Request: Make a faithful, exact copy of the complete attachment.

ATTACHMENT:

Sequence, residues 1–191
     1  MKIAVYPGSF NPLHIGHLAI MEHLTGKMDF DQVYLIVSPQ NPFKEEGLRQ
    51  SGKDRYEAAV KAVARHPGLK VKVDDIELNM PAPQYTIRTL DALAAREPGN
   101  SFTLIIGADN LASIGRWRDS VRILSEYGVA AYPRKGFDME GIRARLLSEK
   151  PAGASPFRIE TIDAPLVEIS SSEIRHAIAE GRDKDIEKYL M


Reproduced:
Sequence, residues 1–191
     1  MKIAVYPGSF NPLHIGHLAI MEHLTGKMDF DQVYLIVSPQ NPFKEEGLRQ
    51  SGKDRYEAAV KAVARHPGLK VKVDDIELNM PAPQYTIRTL DALAAREPGN
   101  SFTLIIGADN LASIGRWRDS VRILSEYGVA AYPRKGFDME GIRARLLSEK
   151  PAGASPFRIE TIDAPLVEIS SSEIRHAIAE GRDKDIEKYL M